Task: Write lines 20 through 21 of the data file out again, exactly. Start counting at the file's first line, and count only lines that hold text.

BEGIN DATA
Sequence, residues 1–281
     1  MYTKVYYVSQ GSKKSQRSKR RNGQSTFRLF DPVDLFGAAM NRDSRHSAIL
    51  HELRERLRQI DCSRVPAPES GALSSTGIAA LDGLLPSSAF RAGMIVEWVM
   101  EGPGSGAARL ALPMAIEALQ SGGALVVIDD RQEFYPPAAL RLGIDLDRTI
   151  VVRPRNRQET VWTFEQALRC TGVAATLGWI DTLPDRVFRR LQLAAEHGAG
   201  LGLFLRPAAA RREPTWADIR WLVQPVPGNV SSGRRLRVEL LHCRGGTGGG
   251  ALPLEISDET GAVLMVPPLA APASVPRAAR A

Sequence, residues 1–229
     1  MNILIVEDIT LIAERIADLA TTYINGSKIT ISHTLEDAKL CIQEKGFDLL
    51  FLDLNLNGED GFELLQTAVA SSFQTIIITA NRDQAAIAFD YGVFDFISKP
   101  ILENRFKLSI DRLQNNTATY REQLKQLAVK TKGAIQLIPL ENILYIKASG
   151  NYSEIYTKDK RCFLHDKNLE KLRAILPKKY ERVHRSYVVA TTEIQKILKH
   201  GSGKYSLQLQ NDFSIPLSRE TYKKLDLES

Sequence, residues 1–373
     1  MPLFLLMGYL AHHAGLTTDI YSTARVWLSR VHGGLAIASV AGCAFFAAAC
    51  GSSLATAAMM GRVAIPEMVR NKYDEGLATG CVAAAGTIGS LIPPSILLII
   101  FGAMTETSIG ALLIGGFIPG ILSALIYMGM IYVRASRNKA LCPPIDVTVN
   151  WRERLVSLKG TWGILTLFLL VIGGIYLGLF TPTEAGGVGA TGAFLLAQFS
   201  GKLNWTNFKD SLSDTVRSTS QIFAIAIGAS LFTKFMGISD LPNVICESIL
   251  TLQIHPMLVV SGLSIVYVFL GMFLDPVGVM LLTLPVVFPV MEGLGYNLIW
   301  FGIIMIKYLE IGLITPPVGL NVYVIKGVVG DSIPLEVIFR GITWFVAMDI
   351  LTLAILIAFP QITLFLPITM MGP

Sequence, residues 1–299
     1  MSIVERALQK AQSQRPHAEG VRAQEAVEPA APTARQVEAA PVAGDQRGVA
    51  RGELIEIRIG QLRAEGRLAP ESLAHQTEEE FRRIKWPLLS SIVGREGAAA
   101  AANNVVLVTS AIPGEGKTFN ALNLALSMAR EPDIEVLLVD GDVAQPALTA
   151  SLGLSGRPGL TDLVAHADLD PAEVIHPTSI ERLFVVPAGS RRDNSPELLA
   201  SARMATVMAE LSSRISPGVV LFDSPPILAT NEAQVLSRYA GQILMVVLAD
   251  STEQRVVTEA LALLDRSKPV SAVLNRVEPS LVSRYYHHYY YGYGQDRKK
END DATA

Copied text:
   251  TLQIHPMLVV SGLSIVYVFL GMFLDPVGVM LLTLPVVFPV MEGLGYNLIW
   301  FGIIMIKYLE IGLITPPVGL NVYVIKGVVG DSIPLEVIFR GITWFVAMDI